Wednesday, November 16, 2011

Pacquiao vs Marquez - On the Outside Looking Out

The past 72 hours have been great for boxing. Some have said that one fighter won a popularity contest, another won the actual fight but as a whole, the sport took one to the liver. 
The topic is still white hot, but the fact that we just can't seem to let it go is what is occupying the driver's seat for the time being. Juan Manuel Marquez and Manny Pacquiao now stand at the opposite ends of a tripwire that is far from its thunderous and final crash.

The decision reached at the conclusion of the third epic bout of their legendary trilogy has reached a fever pitch for many boxing fans. What has angered us more? The outcome itself or the individuals who accorded jointly in opinion and ruined the evening for Marquez and his legions of loyal fans?

This is the arduous reality that would steer many away from ever considering a career as a boxing judge. The triumvirate who serve as the final say where fighters leave off have a rough job.

Do you ever wonder why you often see many of the same community of judges for bouts, especially at the championship level? Likewise, the same flock of referees are often introduced as the third person in the ring. It goes without saying that we've all seen our fair share of ripoff decisions and inadequate officiating. However, it is very likely that the two aforementioned scenarios happen less often than we would like to accept, at least in professional terms.

It's a regular occurrence that we see a mega fight as a boxing judge's first assignment .Their task is not an easy one. They are asked to look at aspects of a fight that we as fans don't notice at times. A fighter's ability to absorb a hard punch, smile at his opponent and signal for more can routinely gain cheers and sometimes jeers. It doesn't always achieve the same result with the three-headed monster positioned just right outside the canvas. We can frequently see them leaning upon it.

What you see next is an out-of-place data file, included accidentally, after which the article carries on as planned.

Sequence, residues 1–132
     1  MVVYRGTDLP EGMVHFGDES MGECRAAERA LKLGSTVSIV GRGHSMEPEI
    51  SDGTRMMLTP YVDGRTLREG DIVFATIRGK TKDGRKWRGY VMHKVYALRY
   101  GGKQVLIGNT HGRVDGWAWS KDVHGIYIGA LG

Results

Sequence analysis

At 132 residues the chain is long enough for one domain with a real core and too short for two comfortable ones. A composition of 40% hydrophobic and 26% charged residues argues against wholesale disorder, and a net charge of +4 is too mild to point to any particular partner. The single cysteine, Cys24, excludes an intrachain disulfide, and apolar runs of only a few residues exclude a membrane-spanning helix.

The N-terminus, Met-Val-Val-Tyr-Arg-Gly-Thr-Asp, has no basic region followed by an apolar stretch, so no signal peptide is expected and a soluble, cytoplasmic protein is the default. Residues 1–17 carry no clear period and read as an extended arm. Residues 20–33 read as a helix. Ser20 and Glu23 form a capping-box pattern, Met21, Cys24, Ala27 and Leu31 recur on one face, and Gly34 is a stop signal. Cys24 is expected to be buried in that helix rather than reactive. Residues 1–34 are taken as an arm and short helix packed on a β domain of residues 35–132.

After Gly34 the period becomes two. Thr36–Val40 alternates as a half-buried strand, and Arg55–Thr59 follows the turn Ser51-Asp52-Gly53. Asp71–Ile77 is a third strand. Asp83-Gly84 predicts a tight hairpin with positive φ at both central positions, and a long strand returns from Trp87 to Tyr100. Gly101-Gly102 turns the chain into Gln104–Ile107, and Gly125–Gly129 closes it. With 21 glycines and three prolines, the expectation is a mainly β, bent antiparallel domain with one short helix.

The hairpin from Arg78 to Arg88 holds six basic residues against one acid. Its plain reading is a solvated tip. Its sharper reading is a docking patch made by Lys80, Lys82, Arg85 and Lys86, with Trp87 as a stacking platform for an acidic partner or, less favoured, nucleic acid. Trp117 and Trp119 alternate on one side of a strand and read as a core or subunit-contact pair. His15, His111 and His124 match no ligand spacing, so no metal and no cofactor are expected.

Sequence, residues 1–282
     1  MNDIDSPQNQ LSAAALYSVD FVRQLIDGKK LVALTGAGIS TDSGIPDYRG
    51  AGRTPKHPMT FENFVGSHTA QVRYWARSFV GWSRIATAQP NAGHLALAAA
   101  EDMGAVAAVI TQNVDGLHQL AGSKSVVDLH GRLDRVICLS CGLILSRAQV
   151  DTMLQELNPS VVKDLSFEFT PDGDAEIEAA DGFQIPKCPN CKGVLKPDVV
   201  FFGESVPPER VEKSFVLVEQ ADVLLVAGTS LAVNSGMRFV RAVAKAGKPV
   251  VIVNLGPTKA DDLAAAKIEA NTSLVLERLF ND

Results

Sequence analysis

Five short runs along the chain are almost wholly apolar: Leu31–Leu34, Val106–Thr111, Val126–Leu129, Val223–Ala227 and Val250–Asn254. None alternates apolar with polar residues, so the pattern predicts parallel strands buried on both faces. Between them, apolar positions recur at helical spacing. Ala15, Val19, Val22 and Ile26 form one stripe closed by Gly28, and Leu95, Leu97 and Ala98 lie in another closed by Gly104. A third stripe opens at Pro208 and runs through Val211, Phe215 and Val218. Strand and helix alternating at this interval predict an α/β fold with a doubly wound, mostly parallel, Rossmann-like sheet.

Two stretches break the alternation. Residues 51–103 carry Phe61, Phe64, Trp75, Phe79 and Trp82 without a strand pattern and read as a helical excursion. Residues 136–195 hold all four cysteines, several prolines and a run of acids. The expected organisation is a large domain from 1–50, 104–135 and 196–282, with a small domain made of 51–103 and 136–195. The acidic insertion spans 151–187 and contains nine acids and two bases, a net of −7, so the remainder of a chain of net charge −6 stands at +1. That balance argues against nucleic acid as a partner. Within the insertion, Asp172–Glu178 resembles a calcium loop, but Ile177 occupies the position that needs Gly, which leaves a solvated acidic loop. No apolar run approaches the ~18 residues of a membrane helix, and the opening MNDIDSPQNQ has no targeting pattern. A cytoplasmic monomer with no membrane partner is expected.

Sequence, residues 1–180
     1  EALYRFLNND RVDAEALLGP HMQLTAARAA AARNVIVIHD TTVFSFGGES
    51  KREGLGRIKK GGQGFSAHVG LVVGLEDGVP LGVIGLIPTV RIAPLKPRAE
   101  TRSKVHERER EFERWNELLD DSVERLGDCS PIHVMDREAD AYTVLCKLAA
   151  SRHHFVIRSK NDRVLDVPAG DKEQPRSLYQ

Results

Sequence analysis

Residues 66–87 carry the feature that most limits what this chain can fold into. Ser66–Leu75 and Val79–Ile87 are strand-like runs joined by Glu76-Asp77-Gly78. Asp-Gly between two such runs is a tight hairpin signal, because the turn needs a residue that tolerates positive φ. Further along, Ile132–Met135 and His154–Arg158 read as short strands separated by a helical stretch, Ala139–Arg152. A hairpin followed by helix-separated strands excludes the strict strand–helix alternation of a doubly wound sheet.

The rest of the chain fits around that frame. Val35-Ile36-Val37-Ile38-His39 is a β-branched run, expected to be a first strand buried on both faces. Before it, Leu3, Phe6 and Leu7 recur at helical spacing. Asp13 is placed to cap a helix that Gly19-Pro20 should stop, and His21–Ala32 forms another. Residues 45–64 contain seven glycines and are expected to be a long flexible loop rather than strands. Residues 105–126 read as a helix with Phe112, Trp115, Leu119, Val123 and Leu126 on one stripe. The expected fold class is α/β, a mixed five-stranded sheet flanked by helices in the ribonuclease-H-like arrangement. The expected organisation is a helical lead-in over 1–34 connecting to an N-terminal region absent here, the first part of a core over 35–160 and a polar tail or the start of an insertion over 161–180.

They are viewing the action as an assignment, a job and a livelihood. We do so as entertainment and fans of the greatest sport on the planet.

The adage "styles make fights" may be as old as organized boxing. This is true. Styles do make fights, although we don't always consider this when we play matchmaker. The painful truth is that where styles, fights and fighters cease, the judges are left to decide what fists could not in their allotted time in the ring.

Regardless of where Marquez and Pacquiao go from this point is a matter of indifference to those who feel the deal is still not done. The only way to go may be for these two to fight for a fourth time or for their separate ways to commence on islands of pugilism worlds away from one another.

Why couldn't they just meet up again and again?

Archie Moore fought Howard King six times. Walker Smith (aka Sugar Ray Robinson) fought Gene Fullmer four times. We may never hear the end of the Marquez/Pacquiao debate until one side soundly trumps the other in a way that is so memorable and final that the argument can be buried at sea. Sadly but gloriously, their styles are made for each other. They need each other.

The Pac Man and the Money Man may face one day, but each passing month leaves the prospect of a matchup between them growing stale like a bag of bad potato chips.

No matter how often the four knockdowns, back and forth struggles and feelings of indignation are mentioned, it's likely to be an affair that won't soon die. Maybe it should stay that way. Ask any boxing fan aged 35 and up whom they feel was the true winner of the 1987 clash between Marvin Hagler and Ray Leonard.

Would you like this type of eternal bickering for Marquez and Pacquiao? Perhaps it will remain as it is or maybe we will see them one more time.
One thing is for certain. The judges will be there, so please be on alert.

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